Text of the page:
House to move on insider-trading ban by end of February

Efforts to explicitly prohibit lawmakers and their staff from enriching themselves based on private information obtained while serving in Congress have received bipartisan support in recent months. The push came primarily after a "60 Minutes" report suggested that several top members from both parties had made financial trades or decisions that reaped financial benefits and seemed to be made based on insider knowledge.

While lawmakers are not exempt from existing insider trading laws, no member or a staff member has ever been prosecuted for violating them by taking advantage of inside political grist. With the public opinion of Congress at historic lows, some members have been eager to get a law on the books expressly prohibiting the practice.

Next week, the Senate is planning to take up a bill introduced by Sens. Kirsten GillibrandKirsten Elizabeth GillibrandChris Murphy’s profile rises with gun tragedies Overnight Energy: Dems take on Trump's chemical safety pick Dems lambaste Trump’s ‘outrageous’ EPA chemical safety pick MORE (D-N.Y.) and Scott Brown (R-Mass.). Similar legislation was being fast-tracked in the House by Financial Services Committee Chairman Spencer BachusSpencer Thomas BachusUS Chamber opposes Trump's Export-Import Bank nominee Business pressure ramps up against Trump's Ex-Im nominee Trump considering withdrawing Ex-Im nominee: report MORE (R-Ala.), who was among those singled out in the CBS report. However, progress on the bill was slowed after House Majority Leader Eric CantorEric CantorEric Cantor offering advice to end ‘immigration wars’ Trump's olive branch differs from the golden eras of bipartisanship After divisive rally, Trump calls for unity MORE (R-Va.) said it needed to be considered more fully.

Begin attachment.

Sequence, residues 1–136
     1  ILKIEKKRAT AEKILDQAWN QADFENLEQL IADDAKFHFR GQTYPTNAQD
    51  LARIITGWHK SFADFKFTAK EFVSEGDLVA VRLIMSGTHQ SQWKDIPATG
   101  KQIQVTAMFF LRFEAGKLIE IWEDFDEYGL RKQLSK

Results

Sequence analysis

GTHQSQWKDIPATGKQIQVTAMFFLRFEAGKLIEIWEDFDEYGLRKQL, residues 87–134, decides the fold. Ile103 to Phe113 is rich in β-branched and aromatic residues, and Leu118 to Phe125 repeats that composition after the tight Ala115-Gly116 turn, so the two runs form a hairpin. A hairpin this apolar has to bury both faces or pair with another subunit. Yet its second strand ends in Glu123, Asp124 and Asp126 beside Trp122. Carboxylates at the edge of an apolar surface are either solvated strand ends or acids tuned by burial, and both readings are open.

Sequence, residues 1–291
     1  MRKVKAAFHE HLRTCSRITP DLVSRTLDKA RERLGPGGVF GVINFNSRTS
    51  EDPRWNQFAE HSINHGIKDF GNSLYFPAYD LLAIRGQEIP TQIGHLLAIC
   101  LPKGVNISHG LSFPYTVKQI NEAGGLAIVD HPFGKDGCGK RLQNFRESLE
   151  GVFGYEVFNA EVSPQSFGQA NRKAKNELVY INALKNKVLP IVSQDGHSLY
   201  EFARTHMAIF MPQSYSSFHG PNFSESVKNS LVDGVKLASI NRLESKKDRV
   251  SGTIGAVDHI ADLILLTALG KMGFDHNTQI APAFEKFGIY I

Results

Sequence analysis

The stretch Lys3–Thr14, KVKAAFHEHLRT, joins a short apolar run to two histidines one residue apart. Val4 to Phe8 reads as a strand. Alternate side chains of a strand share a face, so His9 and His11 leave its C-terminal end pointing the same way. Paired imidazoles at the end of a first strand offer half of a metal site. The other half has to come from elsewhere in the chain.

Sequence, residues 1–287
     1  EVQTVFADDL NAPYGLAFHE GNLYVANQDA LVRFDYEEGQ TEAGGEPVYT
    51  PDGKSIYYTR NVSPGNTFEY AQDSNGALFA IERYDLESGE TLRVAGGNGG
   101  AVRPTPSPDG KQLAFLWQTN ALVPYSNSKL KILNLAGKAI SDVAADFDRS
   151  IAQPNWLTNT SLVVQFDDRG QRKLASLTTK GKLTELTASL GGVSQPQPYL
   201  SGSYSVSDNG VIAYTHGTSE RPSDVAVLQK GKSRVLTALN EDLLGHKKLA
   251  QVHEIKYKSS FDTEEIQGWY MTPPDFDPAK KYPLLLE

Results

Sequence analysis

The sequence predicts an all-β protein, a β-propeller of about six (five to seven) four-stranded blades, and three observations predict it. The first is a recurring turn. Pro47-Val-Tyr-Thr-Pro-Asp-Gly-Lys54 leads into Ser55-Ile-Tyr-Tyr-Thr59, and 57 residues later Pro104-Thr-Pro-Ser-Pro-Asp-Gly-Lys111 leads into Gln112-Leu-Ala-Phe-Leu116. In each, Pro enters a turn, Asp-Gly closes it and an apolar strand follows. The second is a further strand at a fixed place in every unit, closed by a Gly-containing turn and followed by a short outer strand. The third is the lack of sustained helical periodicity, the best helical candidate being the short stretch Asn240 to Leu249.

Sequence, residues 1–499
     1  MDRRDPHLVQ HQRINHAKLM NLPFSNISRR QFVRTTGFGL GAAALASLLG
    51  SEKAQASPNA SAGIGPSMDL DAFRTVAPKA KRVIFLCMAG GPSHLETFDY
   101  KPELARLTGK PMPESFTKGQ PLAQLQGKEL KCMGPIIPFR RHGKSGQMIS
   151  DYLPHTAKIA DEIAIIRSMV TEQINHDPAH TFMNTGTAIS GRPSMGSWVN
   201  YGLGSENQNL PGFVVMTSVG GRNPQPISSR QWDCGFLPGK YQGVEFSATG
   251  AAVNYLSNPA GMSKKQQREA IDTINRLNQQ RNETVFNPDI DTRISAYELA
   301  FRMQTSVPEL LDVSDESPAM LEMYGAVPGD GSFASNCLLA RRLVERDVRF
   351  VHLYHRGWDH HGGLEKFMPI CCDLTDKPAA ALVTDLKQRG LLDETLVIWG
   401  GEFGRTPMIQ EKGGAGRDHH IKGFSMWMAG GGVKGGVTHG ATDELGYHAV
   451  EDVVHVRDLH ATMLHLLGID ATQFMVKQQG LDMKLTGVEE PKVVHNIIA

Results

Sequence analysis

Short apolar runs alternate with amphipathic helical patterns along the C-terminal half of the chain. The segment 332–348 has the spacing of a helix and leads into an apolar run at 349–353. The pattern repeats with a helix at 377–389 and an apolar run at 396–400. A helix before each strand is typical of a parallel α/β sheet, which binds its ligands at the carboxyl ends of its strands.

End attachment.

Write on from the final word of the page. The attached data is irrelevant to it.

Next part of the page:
Cantor's office reiterated his commitment to the legislation Thursday.

"Leader Cantor plans to move an expanded version of the STOCK Act through the House to make it clear that those in Congress are subject to the same laws as everyone else," said a Cantor aide. "He strongly supports increased disclosure to prevent any sense of impropriety and ensure the public’s confidence and trust in our elected officials.”